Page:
Elsie B. Washington
Class of 1966
Elsie B. Washington was a writer whose one novel opened new doors for African-American authors. It was called “Entwined Destinies” and it is widely considered as the first “romance novel” to be written by an African-American writer featuring African-American characters. Washington also wrote non-fiction books, but the bulk of her career was as a writer and editor at a variety of periodicals.
“Entwined Destinies” was published by Dell in 1980, the 575th title in its Candlelight Romance series, and carried the pen name Rosalind Welles. It’s the story of an African-American magazine reporter who finds true love with a tall, dashing black man who is an executive with an oil company. According to a 2002 article in Black Issues Book Review, it was “the first known romance featuring African-American characters written by an African-American author.” “Entwined Destinies” had a printing of 125,000 copies, distributed mainly to East Coast cities with large black populations.
It set the stage for a new era in romance novels, until then dominated by white characters and white writers. A new category was born: the ethnic romance novel. Soon, other books appeared, aimed at Native American and Chinese-American readers. Today, the black romance novel has found a home with several imprints that specialize in it.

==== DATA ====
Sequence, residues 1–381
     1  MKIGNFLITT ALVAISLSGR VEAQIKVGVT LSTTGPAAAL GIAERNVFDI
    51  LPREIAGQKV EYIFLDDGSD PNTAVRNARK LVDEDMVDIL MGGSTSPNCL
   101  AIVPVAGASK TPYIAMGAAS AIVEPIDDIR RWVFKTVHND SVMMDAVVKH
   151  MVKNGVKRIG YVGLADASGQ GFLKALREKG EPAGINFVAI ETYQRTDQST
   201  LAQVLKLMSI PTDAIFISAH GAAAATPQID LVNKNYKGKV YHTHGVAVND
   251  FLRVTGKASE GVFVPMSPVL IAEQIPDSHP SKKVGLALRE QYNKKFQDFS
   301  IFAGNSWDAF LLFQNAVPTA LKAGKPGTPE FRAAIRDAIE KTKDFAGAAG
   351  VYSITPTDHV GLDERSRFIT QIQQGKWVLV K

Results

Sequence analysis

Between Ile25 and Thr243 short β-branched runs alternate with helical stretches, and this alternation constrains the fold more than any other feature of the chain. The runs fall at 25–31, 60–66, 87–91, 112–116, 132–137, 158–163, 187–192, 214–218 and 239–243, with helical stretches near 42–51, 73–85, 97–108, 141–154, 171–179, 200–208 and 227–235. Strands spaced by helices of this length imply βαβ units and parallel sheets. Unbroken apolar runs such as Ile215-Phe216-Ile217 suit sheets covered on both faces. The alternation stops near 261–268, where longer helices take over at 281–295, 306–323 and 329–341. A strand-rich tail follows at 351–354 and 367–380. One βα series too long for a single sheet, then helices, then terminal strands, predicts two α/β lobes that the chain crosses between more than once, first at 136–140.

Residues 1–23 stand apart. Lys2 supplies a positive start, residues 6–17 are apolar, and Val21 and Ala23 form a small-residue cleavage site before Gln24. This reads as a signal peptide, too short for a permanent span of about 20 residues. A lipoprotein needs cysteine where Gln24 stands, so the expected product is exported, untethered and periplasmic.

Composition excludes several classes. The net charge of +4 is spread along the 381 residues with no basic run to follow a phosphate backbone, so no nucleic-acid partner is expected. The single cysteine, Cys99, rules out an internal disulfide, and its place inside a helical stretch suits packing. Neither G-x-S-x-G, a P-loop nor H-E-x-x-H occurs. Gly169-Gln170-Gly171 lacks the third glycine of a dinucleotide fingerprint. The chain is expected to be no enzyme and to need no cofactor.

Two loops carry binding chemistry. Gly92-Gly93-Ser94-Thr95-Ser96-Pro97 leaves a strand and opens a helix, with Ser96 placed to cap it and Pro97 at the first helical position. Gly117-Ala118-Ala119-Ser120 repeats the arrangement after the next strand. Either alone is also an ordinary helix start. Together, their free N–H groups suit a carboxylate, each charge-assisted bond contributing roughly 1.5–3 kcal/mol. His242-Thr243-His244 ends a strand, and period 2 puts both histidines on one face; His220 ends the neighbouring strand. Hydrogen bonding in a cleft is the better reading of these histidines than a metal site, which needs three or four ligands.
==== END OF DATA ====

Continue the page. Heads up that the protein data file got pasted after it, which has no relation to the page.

“The important thing about Elsie’s work is it established the romance novels that followed in the next 20 years as books about the African-American middle class,” said Gwendolyn Osborne, a contributor to The Romance Reader, a popular web site for reviews, in an interview with NPR at the 2009 Book Expo America.
Washington was born in the Bronx on Dec. 28, 1942 and received her bachelor’s degree in English at City College in 1966. She was attracted to journalism by its pace and by its power to persuade and worked at The New York Post, Life magazine, Newsweek and Essence magazine, where she was a senior editor in the late 1980s and 1990s. An essay she wrote in the January 1988 issue sparked a national conversation about the way black women see themselves. Entitled “The Bluest Eyes” — an allusion to Toni Morrison’s first novel, “The Bluest Eye,” about a young black woman who felt inferior because of her eye and skin color — Washington’s article was a call for African-American women to stop trying to conform to white standards of beauty. She cited the use of contact lenses to change the color of one’s eyes as a trend she found particularly odious.
During this time, Washington also began gathering news clips about black celebrities to create a do-it-yourself publication called African-American People. It garnered a small but ardent readership whose hunger for news of prominent blacks flew largely beneath the radar of mainstream media. Her scrappy “zine” was ahead of its time, paving the way for the many online publications that now cover African-American style and celebrity.
Washington’s other books were “Sickle Cell Anemia,” co-written with Anthony Cerami in 1974, and “Uncivil War: The Struggle Between Black Men and Women” in 1996, a searing but compassionate analysis of the causes of conflict between African-American women and men from the time blacks were slaves. It included interviews with psychologists, counselors, couples and single men and women.
Washington died of multiple sclerosis and cancer on May 5, 2009. She was 66.